‘Safe and legal’ routes are not the panacea for these ailments in the system. They cannot fill the lacuna left by the stripping away of a robust system of protection, which must include access to territorial asylum. They are a remedy to enable some individuals to reach sanctuary, but also a scapegoat used to justify the exclusion of other individuals in need of protection.
The UK’s predominant safe and legal routes are for Syria, Afghanistan, Hong Kong, and Ukraine. They are bespoke, nationality specific, and/or suffer from limitations and restrictions. Most bespoke routes fail to recognise resettled individuals as refugees, and some fail to provide them with family reunion rights. Without available publicly funded advice or representation, communities, civil society, and pro bono lawyers have sought to provide the necessary assistance to those making bespoke resettlement route applications. As for general refugee resettlement schemes, there are only three: the UK Resettlement Scheme, Community Sponsorship, and the Mandate Resettlement Scheme. In the year to December 2022, the total number of individuals resettled under these three schemes was 1,163. This number pales in comparison to the hundreds of thousands from Hong Kong and Ukraine who were resettled on bespoke routes in recent years. In spite of this, the new Illegal Migration Bill proposes to introduce a ‘maximum number of persons who may enter the United Kingdom annually using safe and legal routes’.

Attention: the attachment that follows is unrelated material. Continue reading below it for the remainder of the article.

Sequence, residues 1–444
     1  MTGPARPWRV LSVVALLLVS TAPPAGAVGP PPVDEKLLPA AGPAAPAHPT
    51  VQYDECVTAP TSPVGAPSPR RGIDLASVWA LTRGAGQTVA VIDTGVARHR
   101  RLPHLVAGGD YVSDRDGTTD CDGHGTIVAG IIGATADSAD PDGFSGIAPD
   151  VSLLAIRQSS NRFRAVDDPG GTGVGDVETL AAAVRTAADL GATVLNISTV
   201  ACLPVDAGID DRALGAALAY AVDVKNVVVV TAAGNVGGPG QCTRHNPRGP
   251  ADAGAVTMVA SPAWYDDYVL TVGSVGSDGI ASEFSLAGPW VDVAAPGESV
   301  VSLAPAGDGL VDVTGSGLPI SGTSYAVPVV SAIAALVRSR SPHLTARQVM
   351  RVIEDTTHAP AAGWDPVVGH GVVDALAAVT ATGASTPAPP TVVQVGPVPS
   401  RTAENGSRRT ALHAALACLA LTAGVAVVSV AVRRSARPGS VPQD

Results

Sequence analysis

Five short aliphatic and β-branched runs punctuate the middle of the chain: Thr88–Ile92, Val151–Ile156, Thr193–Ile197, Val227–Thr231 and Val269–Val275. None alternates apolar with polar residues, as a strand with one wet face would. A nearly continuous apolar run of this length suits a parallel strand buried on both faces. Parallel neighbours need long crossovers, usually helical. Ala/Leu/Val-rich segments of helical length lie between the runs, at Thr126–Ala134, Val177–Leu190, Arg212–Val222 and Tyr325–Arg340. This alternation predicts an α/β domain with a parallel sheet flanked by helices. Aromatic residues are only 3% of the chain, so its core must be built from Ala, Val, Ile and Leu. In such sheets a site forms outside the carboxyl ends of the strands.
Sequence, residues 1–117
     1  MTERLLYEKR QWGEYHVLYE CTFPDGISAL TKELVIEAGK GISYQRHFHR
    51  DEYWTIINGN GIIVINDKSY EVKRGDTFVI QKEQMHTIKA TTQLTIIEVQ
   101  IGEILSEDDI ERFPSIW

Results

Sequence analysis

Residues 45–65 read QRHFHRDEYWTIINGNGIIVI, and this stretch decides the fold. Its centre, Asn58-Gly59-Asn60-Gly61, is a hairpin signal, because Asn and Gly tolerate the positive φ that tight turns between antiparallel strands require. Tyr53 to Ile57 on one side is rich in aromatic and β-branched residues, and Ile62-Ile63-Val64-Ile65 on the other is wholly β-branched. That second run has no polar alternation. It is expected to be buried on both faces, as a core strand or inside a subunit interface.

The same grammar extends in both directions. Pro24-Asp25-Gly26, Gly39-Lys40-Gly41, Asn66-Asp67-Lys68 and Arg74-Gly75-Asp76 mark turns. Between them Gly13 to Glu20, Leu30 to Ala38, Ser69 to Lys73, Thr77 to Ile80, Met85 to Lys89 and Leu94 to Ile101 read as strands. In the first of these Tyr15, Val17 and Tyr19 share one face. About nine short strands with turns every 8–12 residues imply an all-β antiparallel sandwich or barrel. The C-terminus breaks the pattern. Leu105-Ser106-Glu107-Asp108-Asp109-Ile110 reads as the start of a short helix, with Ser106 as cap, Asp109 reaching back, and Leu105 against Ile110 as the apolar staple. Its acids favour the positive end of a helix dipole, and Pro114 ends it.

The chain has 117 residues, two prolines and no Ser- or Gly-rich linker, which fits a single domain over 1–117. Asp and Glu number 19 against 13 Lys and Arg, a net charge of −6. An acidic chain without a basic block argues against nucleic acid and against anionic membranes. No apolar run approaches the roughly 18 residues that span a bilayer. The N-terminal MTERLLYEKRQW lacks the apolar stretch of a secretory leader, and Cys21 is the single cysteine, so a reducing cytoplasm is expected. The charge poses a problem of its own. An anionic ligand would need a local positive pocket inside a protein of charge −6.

The fragmented bespoke Afghan resettlement routes elucidate the failings of restrictive safe and legal routes. Unlike the Ukraine or Hong Kong routes, the Afghan Citizens Resettlement Scheme is capped at 20,000 places for those who do not meet the restrictive requirements of the Afghan Relocations and Assistance Policy. The third pathway of the Afghan Citizens Resettlement Scheme was to offer a route to resettlement for ‘those who are particularly vulnerable, such as women and girls at risk and members of minority groups’. However, more than 18 months after Operation Pitting, the UK’s withdrawal from Afghanistan, this safe and legal route has yet to materialise for vulnerable women, girls and minorities.
If such women, girls, and minorities manage to reach the UK, they are subject to all the measures that have come with the Nationality and Borders Act 2022 and would come with the passing of the Illegal Migration Bill, a Bill that the Home Secretary would not confirm was compatible with the UK’s human rights obligations.
Clearly there must be a sufficiently robust, accessible, underlying framework for protection, that can be made more generous to respond to unprecedented historical situations, and account for the UK’s colonial or other moral obligations. There are such available frameworks in the Refugee Convention, the Global Compact on Refugees, and the European Convention on Human Rights, among other international agreements. The wheel does not need to be re-invented for every unprecedented situation; it must be maintained and supplemented, rather than disassembled.